* Glanville's Collection of Relations.
Such scenes happened frequently on the assizes while country gentlemen, like the excellent Sir Roger de Coverley, retained a private share in the terror with which their tenants, servants, and retainers regarded some old Moll White, who put the hounds at fault, and ravaged the fields with hail and hurricanes. Sir John Reresby, after an account of a poor woman tried for a witch at York, in 1686, and acquitted as he thought very properly, proceeds to tell us that, notwithstanding, the sentinel upon the jail where she was confined avowed that he saw a scroll of paper creep from under the prison-door, and then change itself first into a monkey and then into a turkey, which the under-keeper confirmed. " This," says Sir John, " I have heard from the mouth of both, and now leave it to be believed, or disbelieved, as the reader may be inclined."** We may see that Reresby, a statesman and a soldier, had not as yet " plucked the old woman out of his heart." Even Addison himself ventured no farther, in his incredulity respecting this crime, than to contend that, although witchcraft might and did exist, there was no such thing as a modern instance competently proved.
* Roger North's Life of Lord-Keeper Guilford, ** Memoirs of Sir John Reresby, p. 237.
As late as 1682, three unhappy women, named Susan Edwards, Mary Trembles, and Temperance Lloyd, were hanged at Exeter for witchcraft •, and, as usual, on their own confession. This is believed to be the last execution of the kind in England under form of judicial sentence. But the ancient superstition, so interesting to vulgar credulity, like sediment clearing itself from water, sunk down m a deeper shade upon the ignorant and lowest classes of society, in proportion as the higher regions were purified from its influence. The populace, including the ignorant of every class, were more enraged against witches, when their passions were once excited, in proportion to the lenity exercised towards the objects of their indignation by those who administered the laws. Several cases occurred in which the mob, impressed with a conviction of the guilt of some destitute old creatures, took the law into their own hands, and, proceeding upon such evidence as Hopkins would have had recourse to, at once, in their own apprehension, ascertained their criminality, and administered the deserved punishment.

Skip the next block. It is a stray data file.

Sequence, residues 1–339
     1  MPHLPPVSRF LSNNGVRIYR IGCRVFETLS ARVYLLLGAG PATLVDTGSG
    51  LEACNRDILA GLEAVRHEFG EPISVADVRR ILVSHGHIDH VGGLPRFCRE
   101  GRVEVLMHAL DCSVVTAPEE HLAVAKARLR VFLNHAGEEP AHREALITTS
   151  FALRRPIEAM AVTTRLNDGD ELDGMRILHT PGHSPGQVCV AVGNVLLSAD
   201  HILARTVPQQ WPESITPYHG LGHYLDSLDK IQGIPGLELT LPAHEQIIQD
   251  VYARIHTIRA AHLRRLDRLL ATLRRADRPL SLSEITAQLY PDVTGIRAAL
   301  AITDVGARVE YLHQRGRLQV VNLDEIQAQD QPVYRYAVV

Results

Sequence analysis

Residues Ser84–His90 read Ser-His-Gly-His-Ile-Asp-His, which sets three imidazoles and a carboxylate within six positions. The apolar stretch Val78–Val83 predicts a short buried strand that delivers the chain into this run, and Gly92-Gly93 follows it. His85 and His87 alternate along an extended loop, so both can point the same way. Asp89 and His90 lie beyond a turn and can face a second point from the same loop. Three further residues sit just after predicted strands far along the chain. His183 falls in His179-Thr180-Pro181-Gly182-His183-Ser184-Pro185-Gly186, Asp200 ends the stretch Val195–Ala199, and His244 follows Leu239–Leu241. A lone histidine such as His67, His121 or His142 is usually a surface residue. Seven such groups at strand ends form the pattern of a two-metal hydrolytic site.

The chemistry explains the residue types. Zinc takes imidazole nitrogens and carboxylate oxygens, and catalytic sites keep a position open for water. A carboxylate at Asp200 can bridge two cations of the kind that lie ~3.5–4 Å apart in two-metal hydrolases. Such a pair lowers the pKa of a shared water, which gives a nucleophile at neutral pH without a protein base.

The following instance of such illegal and inhuman proceedings occurred at Oakly, near Bedford, on 12 th July, 1707. There was one woman, upwards of 60 years of age, who, being under an imputation of witchcraft, was desirous to escape from so foul a suspicion, and to conciliate the good-will of her neighbours, by allowing them to duck her. The parish officers so far consented to their humane experiment as to promise the poor woman a guinea if she should clear herself by sinking. The unfortunate object was tied up in a wet sheet, her thumbs and great toes were bound together, her cap torn off, and all her apparel searched for pins; for there is an idea that a single pin spoils the operation of the charm. She was then dragged through the river Ouse by a rope tied round her middle. Unhappily for the poor woman, her body floated, though her head remained under water. The experiment was made three times with the same effect. The cry to hang or drown the witch then became general; and as she lay half dead on the bank, they loaded the wretch with reproaches, and hardly forbore blows. A single humane bystander took her part, and exposed himself to rough usage for doing so. Luckily one of the mob themselves at length suggested the additional experiment of weighing the witch against the Church Bible. The friend of humanity caught at this means of escape, supporting the proposal by the staggering argument that the Scripture, being the work of God himself, must outweigh necessarily all the operations or vassals of the devil. The reasoning was received as conclusive the more readily as it promised a new species of amusement. The woman was then weighed against a Church Bible of twelve pounds jockey weight, and, as she was considerably preponderant, was dismissed with honour. But many of the mob counted her acquittal irregular, and would have had the poor dame drowned or hanged on the result of her ducking, as the more authentic species of trial.